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  This module is a resource for lecturers  

 

Basics of computing

 

A computer system could be a desktop or laptop computer. However, mobile phones, tablet computers, and Internet of things ( IoT) devices, which are Internet-connected devices (e.g., home appliances and smartwatches) that are interconnected and interoperable and facilitate the monitoring of objects, people, animals, and/or plants, and the sharing of information about them in order to provide the users of these devices with some form of service (Maras, 2015; for more information about the IoT, see Cybercrime Module 10 on Privacy and Data Protection), among many other devices, can also be considered computer systems. The definitions for a computer system vary. For example, Article 1(a) of the Council of Europe's Convention on Cybercrime of 2001, defines a computer system as "any device or a group of interconnected or related devices, one or more of which, pursuant to a program, performs automatic processing of data" (for guidance on the notion of a "computer system" included in the Convention, see Cybercrime Convention Committee, 2012). In contrast, Article 1 of the African Union Convention on Cyber Security and Personal Data Protection of 2014, defines a computer system as "an electronic, magnetic, optical, electrochemical, or other high speed data processing device or a group of interconnected or related devices performing logical, arithmetic, or storage functions, and includ[ing] any data storage facility or communications facility directly related to or operating in conjunction with such device or devices."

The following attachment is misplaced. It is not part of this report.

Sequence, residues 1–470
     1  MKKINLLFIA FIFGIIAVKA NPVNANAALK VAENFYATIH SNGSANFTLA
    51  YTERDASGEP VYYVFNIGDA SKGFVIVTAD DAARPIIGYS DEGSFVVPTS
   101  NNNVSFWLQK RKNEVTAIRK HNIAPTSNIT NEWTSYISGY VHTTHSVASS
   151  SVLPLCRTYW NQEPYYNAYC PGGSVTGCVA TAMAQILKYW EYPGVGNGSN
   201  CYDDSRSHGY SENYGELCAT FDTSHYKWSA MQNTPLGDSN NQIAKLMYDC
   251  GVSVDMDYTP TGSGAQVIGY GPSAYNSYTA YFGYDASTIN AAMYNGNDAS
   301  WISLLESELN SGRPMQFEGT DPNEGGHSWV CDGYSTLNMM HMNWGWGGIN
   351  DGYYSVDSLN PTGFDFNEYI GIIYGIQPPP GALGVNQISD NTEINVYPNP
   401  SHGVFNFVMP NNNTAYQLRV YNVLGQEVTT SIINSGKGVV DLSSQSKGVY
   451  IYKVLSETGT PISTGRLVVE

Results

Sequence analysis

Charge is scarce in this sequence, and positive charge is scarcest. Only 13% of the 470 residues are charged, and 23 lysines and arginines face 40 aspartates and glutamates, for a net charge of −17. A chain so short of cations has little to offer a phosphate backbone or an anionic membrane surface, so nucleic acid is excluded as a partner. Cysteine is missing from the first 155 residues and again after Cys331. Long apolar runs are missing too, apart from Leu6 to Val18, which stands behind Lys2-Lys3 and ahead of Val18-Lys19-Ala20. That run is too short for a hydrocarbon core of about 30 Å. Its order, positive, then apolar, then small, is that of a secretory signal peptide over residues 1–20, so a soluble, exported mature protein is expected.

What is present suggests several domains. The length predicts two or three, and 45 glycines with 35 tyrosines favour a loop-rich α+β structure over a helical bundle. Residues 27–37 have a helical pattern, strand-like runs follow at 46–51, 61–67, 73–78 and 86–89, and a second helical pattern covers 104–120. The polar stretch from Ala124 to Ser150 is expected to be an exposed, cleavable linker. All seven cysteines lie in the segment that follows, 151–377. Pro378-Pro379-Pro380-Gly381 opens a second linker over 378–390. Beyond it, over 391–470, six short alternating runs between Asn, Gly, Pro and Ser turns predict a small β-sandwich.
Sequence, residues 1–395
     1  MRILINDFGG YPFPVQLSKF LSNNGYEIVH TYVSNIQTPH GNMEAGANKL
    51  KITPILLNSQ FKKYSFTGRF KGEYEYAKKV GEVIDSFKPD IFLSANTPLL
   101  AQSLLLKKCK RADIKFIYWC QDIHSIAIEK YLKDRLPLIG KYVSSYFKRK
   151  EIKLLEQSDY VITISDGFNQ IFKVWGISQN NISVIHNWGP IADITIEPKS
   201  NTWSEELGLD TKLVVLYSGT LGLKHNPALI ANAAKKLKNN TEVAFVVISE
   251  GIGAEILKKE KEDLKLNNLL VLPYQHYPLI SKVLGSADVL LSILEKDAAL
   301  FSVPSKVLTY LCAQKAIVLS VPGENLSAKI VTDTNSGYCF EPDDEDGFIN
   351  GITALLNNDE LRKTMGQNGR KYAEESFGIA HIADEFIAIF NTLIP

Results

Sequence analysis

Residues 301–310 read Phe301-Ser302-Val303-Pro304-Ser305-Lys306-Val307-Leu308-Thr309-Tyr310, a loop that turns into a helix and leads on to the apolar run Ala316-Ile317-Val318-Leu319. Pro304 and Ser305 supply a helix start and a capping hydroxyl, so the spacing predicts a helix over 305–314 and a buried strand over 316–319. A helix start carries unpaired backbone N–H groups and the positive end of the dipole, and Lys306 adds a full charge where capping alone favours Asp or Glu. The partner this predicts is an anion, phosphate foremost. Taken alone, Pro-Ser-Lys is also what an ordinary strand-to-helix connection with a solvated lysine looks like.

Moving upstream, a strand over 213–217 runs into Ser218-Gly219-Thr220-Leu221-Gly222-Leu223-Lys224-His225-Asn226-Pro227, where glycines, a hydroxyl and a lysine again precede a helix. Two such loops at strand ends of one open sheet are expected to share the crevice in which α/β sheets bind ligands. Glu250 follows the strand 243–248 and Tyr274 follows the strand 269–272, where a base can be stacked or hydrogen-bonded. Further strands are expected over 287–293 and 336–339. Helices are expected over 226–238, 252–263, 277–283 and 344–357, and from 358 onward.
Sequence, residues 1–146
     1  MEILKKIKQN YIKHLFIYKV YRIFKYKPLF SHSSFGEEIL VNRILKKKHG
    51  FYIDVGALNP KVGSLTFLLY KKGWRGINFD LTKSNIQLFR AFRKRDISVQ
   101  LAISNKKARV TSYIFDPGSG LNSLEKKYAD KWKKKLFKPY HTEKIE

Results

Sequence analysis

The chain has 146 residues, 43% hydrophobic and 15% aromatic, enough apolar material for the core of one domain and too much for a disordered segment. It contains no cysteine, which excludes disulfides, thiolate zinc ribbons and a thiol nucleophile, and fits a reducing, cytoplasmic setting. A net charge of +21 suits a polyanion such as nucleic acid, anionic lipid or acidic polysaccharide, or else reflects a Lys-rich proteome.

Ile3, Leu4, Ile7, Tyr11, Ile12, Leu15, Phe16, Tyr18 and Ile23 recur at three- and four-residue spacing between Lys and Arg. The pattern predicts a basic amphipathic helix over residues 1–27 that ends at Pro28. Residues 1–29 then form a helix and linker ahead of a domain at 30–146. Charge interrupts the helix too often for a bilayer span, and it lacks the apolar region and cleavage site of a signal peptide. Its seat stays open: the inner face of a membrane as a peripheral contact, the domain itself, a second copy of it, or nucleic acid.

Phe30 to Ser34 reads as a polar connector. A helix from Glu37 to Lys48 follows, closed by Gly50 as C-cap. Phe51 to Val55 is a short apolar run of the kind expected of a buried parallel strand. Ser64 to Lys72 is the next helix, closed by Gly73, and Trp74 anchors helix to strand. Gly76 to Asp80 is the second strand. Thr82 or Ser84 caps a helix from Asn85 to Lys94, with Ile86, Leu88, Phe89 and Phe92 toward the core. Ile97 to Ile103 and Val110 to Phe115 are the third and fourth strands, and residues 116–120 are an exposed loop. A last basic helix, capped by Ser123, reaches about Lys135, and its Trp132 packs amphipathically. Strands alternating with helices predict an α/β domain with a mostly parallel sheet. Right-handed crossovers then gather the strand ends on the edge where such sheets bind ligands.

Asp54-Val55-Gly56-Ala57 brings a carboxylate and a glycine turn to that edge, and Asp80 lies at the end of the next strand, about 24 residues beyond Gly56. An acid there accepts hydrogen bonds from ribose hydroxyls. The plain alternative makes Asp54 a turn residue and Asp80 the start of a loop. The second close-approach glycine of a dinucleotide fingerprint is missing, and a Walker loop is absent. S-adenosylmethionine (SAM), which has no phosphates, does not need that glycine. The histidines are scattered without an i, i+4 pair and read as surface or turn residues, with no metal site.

Note

Here we are trying to establish the basics of computing. The aim is for your students to have a basic understanding of the engineering side of computing (how computers work), but also how different legal systems define computer systems.